How to Capture the Interest of a Venture Capitalist
There are many ways to secure funding for a fledgling business. Some entrepreneurs go the traditional route, utilizing a bank loan or even their savings. Other business leaders decide to seek outside investment, either from an individual angel investor or a venture capitalist (VC) firm.
There are pros and cons to harnessing the power of VC. On the plus side, it’s possible to secure a lot of money in one fell swoop, and you won’t need to repay the loan month over month. You’re also gaining a partner or a team of partners in your business who can offer guidance and a network. The trade-off is that you’ll have to give up a stake in your company, and VC backers often want to see a serious return on investment — which can add pressure to perform.
Want to know how to capture the interest of a venture capitalist? Keep these tips in mind.
Optimize Your Business Plan First
Before you so much as send an email, make sure your business plan is up to snuff — especially the executive summary, which busy potential investors will depend on to get a sense of how your company runs. According to the U.S. Small Business Administration, your executive summary should include:
- Mission statement
- Product/services offered
- The management team and staffing info
- Financial overview
- Plans for investment funds
The considerable upside to taking the time to fine-tune your business plan is that it will help you prepare ahead of your pitch. Many of the key sections found in your business plan — namely objectives, management structure, product info, unique selling proposition, and target audience — will be areas of interest the venture capitalist firm is sure to ask about in your meeting.
Perfect Your Pitch to Get a Meeting
Now that you’ve solidified your business plan and practiced your pitch, next you have to actually secure the meeting. Rest assured VC firms get lots of emails daily from hopeful entrepreneurs. So, what can you do to stand out? One start-up expert calls it your “headline” — the at-a-glance reason why a venture capitalist will decide to take your meeting. Examples include:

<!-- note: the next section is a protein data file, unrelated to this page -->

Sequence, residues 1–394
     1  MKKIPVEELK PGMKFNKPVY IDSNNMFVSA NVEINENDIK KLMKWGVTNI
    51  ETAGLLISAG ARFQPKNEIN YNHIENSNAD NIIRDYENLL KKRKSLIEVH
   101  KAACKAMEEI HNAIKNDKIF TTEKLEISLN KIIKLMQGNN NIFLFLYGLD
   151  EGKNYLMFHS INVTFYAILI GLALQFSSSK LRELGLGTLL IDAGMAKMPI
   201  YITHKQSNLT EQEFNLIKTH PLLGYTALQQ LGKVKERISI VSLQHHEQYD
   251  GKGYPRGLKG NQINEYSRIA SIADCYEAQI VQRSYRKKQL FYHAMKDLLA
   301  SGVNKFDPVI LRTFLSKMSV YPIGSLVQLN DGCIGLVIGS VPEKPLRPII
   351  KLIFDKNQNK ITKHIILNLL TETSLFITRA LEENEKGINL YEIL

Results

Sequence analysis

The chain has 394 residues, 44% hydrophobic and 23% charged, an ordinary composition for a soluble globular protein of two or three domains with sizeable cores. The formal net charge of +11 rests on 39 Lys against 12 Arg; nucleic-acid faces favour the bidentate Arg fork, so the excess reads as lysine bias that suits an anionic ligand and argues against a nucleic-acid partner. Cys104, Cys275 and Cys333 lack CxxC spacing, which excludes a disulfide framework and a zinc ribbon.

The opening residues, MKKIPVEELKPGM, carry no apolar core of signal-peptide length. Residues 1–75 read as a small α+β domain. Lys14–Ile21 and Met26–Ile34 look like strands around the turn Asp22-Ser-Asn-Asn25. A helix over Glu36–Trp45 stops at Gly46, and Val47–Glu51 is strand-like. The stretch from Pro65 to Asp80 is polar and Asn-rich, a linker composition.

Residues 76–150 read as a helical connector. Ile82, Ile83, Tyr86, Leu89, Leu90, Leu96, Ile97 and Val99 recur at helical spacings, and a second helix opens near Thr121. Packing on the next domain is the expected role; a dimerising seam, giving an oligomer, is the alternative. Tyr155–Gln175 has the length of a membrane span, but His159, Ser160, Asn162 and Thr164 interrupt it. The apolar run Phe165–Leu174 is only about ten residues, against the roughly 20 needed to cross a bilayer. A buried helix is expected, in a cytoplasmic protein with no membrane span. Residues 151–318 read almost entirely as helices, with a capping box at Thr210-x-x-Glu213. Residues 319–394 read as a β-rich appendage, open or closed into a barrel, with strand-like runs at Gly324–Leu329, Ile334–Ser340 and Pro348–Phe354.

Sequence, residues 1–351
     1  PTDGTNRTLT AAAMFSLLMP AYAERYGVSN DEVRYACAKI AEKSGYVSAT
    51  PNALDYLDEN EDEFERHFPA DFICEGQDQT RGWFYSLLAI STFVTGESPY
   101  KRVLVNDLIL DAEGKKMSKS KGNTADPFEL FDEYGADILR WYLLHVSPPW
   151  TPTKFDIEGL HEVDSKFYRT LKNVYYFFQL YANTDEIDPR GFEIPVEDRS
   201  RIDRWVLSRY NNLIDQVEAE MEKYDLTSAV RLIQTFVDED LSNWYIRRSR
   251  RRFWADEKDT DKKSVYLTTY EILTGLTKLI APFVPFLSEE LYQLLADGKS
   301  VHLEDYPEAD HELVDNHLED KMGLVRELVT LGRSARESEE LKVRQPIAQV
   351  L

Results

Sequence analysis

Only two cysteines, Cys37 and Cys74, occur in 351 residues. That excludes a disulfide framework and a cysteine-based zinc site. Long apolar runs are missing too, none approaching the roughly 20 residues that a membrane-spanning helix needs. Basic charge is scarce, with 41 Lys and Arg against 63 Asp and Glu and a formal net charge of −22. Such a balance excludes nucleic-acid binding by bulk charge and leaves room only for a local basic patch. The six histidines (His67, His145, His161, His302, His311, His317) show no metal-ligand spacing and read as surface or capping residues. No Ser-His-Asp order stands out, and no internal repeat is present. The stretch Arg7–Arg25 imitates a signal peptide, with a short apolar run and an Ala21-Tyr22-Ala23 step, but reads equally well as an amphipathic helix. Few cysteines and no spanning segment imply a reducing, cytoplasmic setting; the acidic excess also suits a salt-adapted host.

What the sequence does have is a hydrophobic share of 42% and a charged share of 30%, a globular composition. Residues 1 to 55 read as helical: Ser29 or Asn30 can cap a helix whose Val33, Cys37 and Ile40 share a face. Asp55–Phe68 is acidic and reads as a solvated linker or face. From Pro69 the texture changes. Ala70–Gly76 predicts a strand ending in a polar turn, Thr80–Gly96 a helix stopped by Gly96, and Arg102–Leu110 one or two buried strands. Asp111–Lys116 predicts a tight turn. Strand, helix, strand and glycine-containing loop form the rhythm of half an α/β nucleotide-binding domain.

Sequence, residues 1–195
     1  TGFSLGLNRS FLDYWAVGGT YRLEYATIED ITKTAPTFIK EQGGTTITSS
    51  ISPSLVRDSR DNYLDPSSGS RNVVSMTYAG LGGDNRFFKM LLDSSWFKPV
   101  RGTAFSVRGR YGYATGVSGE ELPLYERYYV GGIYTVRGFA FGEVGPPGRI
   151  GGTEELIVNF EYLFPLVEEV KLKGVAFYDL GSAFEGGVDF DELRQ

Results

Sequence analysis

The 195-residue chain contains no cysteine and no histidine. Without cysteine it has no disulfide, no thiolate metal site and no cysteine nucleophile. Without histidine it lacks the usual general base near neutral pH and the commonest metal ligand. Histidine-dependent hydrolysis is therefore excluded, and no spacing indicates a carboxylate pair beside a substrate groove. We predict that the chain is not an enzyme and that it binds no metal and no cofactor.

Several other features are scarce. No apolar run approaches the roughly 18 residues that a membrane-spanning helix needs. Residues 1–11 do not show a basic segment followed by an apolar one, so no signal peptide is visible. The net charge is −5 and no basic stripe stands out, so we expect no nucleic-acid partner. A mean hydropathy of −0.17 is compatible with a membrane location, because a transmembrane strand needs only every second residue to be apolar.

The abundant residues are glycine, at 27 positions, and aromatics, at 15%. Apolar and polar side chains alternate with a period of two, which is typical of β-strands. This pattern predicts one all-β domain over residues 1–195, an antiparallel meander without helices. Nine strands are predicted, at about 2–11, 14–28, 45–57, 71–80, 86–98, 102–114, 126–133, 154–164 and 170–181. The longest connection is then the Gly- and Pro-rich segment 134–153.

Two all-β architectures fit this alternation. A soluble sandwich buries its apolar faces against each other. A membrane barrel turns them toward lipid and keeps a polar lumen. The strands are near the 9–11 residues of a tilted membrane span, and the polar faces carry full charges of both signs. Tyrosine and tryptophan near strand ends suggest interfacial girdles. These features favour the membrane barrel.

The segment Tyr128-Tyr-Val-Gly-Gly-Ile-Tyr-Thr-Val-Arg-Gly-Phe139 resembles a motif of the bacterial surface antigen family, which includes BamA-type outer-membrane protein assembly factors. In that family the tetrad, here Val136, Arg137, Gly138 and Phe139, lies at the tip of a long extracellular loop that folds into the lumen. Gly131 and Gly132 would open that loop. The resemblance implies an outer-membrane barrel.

- Having a mentor or advisor on board who is well-known in your industry
- Getting the business of a notable client
- Securing funding from another credible investor or firm
- Winning an award at a conference or event
What all these scenarios have in common is that they help you prove that other experts have cosigned on your efforts — that you have proven yourself already and can do so again.
Tell Your Brand’s Unique Story
While all companies share some similarities, the most successful ones stand out. They have a story, a personality, a philosophy. VC firms will expect to get a sense of what makes your business unique — what sets it apart from the pack. This is where you’ll need to stay strong in your convictions about where your business has been and where it is going.
Avoid falling into the trap of trying to make your business widely appealing. Instead, zero in on the thing (or few things) your company prioritizes above all else. As one expert notes for Verizon, attempting to do everything is a mistake. Rather, you want to narrow your scope so you have a concrete vision to present to venture capitalists. This way, you’ll also be able to demonstrate specifically what you plan to do with the funds rather than making a general plea for funds
Attracting the interest of a venture capitalist involves preparing your plan and pitch ahead of time, reaching out in an attention-grabbing fashion, and emphasizing what makes your brand unique.
Thanks For Reading
More Read On Forbes Magazine